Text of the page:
Jerusalem gay pride parade attacker convicted of murder

Yishai Schlissel, who fatally stabbed a teenage girl and wounded others at last year Jerusalem's gay pride parade, reads scripture at court in Jerusalem, Tuesday, April 19, 2016. The District Court convicted Schlissel for murder for last year’s deadly attack, along with multiple attempted murder charges for those he wounded.

Yishai Schlissel, who fatally stabbed a teenage girl and wounded others at last year Jerusalem's gay pride parade, reads scripture at court in Jerusalem, Tuesday, April 19, 2016. The District Court convicted Schlissel for murder for last year’s deadly attack, along with multiple attempted murder charges for those he wounded. (AP Photo/Oded Balilty)

JERUSALEM (AP) — A Jerusalem court on Tuesday convicted an ultra-Orthodox Israeli Jew of murder for fatally stabbing a teenage girl at a gay pride parade last year.

Yishai Schlissel was also convicted on multiple charges of attempted murder for the people he wounded in the 2015 attack.

Schlissel, who had been freed from prison weeks earlier after serving a sentence for stabbing several people at the city’s pride parade in 2005, stabbed six people at the July 30 parade. One of them, 16-year-old Shira Banki, later died of her wounds.

A hearing in June will set a timetable for future sentencing. He could face life in prison.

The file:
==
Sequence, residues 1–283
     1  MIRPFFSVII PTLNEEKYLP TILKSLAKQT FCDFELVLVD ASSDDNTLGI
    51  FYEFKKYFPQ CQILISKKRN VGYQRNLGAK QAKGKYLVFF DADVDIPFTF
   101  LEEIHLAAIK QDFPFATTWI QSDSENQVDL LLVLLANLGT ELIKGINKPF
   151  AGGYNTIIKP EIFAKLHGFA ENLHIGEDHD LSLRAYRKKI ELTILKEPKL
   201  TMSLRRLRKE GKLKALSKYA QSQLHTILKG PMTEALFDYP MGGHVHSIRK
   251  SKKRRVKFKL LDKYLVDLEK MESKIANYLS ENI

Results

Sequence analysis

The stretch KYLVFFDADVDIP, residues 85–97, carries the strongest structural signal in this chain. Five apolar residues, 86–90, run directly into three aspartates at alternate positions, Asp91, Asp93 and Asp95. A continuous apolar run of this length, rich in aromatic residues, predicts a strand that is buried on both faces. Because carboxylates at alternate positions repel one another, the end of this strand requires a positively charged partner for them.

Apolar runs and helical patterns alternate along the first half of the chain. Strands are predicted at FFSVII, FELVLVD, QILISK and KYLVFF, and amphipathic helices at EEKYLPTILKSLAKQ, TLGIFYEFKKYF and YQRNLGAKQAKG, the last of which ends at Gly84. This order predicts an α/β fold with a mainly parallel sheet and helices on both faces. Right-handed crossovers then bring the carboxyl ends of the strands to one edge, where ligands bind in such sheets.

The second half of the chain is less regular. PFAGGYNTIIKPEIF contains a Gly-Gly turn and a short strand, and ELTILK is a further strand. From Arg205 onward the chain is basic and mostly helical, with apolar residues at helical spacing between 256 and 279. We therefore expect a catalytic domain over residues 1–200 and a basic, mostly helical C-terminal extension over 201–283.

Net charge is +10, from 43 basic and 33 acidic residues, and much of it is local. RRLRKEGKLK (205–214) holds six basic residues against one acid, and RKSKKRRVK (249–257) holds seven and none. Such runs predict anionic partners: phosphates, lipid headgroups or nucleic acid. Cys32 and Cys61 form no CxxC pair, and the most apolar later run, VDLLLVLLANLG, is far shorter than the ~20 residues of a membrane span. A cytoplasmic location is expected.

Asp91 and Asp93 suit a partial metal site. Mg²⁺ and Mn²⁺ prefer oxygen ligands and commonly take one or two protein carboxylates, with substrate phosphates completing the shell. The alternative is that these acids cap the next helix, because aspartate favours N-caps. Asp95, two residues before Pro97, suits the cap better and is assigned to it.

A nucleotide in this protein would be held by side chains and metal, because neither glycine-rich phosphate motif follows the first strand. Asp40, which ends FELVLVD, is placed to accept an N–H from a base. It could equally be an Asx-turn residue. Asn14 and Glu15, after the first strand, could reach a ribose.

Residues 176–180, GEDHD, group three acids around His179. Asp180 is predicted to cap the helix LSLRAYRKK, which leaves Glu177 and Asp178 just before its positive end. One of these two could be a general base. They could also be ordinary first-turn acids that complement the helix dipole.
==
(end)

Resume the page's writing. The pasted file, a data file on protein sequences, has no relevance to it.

“The accused did not learn from the legal proceedings against him 10 years ago and from the long time he served in prison. He returned and he committed these crimes with an ideology of hate,” said prosecutor Oshrat Shoham.

Jerusalem, known for its rich religious history and tradition, holds a modest gay pride parade every year in contrast to the large parade in the nearby liberal city of Tel Aviv, which drew over 100,000 people last year.

After his release from prison for serving out his term for the 2005 attack, Schlissel had angrily spoken out against the parade.

The parade was underway as planned, with party music, Israeli flags and rainbow-clad marchers wending their way through central Jerusalem, when the attacker lunged into the march, stabbing people with a long-bladed knife before being apprehended by police.

“This is not someone who should see the light of day,” said Noam Eyal, a parade participant who was wounded by Schlissel. “I’m not talking about revenge. I don’t care about that but I mean the person is a danger … and it is not clear when he will stop being a threat.”

A majority of Jerusalem’s residents are observant Jews, Muslims or Christians, conservative communities whose members mostly frown on homosexuality. But violent attacks on gays are rare.

Previous parades in the holy city have drawn opposition and threats.

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